Acts 3:2-5: Now a man who was lame from birth was being carried to the temple gate called Beautiful, where he was put every day to beg from those going into the temple courts. When he saw Peter and John about to enter, he asked them for money. Peter looked straight at him, as did John. Then Peter said, “Look at us!” So the man gave them his attention, expecting to get something from them.
Acts 3:6-10: Then Peter said, “Silver or gold I do not have, but what I do have I give you. In the name of Jesus Christ of Nazareth, walk.” Taking him by the right hand, he helped him up, and instantly the man’s feet and ankles became strong. He jumped to his feet and began to walk. Then he went with them into the temple courts, walking and jumping, and praising God. When all the people saw him walking and praising God, they recognized him as the same man who used to sit begging at the temple gate called Beautiful, and they were filled with wonder and amazement at what had happened to him.
Can you imagine being forced day in and day out to sit in front of a gateway with the constant reminder of your lack? This man who was never able to walk a day in his life. He was probably picked on, called an invalid, called unlucky, or even crueler names. He was brought to the gate of Beautiful every day. In the Greek language, the word Beautiful here means literally: fair, beautiful, blooming. I mean is there really anything fair about being lame from birth? Here he is day in and day out planted. He is unable to do anything for himself except beg for money at a location devoted to judgment. What was his internal worth? What did he think about himself and how troubling must that existence be? Yet there is a deeper meaning to the word Beautiful in this context. The root of this word is from Horaios which means: an hour, the time of fulfillment, properly, a particular hour (a "season" of time); (figuratively) beautiful in timing, therefore fruitful because fully developed. He just happened to be there when John and Peter come upon him. Expecting to get a few coins for his begging request, the man instead is healed by the power of the name of Jesus. Was this man who was seemingly forgotten and seemingly tormented being stuck in a less than fairly named location? Or was this the power of the deeper meaning of Beautiful and it was serendipitous that he was dropped off at that very location every day? There are no coincidences in this life and so I would like for us all to see this from our own perspective.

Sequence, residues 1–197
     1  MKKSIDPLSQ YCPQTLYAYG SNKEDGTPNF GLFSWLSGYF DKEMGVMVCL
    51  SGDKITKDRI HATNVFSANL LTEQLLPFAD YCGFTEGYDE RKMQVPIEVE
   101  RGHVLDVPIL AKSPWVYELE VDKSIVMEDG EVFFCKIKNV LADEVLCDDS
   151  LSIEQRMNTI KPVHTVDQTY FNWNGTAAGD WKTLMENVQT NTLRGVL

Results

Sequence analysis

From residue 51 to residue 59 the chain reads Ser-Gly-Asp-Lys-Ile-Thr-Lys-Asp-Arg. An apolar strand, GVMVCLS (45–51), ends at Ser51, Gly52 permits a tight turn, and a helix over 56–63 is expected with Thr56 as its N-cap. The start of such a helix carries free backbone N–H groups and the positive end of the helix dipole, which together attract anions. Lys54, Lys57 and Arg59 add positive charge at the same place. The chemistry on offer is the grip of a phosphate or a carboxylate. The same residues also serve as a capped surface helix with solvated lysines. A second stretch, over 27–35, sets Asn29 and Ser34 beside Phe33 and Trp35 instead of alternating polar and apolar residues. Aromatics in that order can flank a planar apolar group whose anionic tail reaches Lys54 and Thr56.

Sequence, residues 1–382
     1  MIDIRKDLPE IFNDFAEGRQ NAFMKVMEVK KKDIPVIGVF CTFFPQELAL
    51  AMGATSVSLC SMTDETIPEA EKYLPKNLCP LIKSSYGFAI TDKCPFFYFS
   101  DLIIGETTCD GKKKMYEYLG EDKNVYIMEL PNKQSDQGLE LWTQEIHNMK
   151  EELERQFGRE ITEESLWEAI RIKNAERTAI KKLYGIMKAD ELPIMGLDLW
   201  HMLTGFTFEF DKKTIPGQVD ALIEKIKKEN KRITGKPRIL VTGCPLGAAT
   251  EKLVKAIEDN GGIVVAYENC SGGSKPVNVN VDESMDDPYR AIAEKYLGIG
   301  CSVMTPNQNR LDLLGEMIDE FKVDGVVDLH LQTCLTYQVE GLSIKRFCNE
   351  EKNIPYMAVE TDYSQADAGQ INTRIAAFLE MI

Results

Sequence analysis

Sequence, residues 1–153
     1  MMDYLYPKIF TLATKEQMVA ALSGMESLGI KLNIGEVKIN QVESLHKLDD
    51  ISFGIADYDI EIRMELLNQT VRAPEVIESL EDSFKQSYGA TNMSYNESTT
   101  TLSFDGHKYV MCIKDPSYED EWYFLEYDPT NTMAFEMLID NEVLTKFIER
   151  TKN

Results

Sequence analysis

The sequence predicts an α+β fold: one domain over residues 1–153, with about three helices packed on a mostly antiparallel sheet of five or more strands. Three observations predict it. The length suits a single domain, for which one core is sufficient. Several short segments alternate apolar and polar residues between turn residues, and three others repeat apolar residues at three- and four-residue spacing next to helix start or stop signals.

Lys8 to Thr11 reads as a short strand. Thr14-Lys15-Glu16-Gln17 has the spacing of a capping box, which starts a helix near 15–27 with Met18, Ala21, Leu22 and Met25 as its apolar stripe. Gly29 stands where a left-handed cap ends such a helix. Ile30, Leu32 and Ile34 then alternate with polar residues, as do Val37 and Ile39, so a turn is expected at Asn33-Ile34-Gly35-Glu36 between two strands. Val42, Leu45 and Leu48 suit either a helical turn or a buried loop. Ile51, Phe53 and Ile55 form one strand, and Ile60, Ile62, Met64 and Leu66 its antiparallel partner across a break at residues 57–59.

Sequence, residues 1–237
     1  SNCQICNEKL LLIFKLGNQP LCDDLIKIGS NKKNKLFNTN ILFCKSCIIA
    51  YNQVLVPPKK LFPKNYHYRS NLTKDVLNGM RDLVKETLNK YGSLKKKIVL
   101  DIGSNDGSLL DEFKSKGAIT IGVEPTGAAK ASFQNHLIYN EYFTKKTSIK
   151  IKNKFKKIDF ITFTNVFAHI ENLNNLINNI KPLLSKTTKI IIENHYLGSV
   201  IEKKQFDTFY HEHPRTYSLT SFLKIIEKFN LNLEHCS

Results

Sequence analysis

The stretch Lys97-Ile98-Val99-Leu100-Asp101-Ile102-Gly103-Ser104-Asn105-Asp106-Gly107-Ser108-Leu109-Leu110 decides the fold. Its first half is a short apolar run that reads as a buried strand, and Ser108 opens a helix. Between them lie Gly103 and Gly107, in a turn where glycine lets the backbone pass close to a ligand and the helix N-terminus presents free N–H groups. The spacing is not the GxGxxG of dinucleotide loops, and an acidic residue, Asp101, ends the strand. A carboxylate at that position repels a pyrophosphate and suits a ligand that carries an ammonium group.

Think about how we perceive ourselves and think of this from the figurative. We daily go into the world where we are at the gate of Beautiful. We are daily crippled by our own perspective, our own shortcomings. We can be just at the entrance of freedom and yet daily we sit begging for the world to provide for us. Imagine if you put your stock in your looks. Many of us have. If you rely on Beauty, you become a beggar for validation, for the currency of beauty. If it is for food, the same. We beg for attention. The cry out for our currency is in the way we see ourselves. We were all born lame and cripple in some area of our lives. Being unable to walk and work for this man just happens to be the most evident to everyone. Many of us hide our deficiency. We can be tormented daily by how close we are to what we desire, but lack the ability or power to get it on our own.
And yet Jesus. Along comes John and Peter. They tell this man that he will not get money. Can you imagine the letdown this guy must have felt? Jesus doesn't cure symptoms, He cures the diseases! For many of us, we look at nothing larger than our symptoms. We are unable to imagine a life of freedom from our affliction. When Jesus comes in our lives, freedom comes. When that happens we all grow strong, and we can walk into any place of judgment jumping up and down praising God, just like this man who was lame and now whole. In the name of Jesus, walk!
In the name of Jesus believe! In the name of Jesus live! You don't have to stare at Beautiful all day, you are Beautiful all day. Receive it today!Read more at: www.refreshinghope.org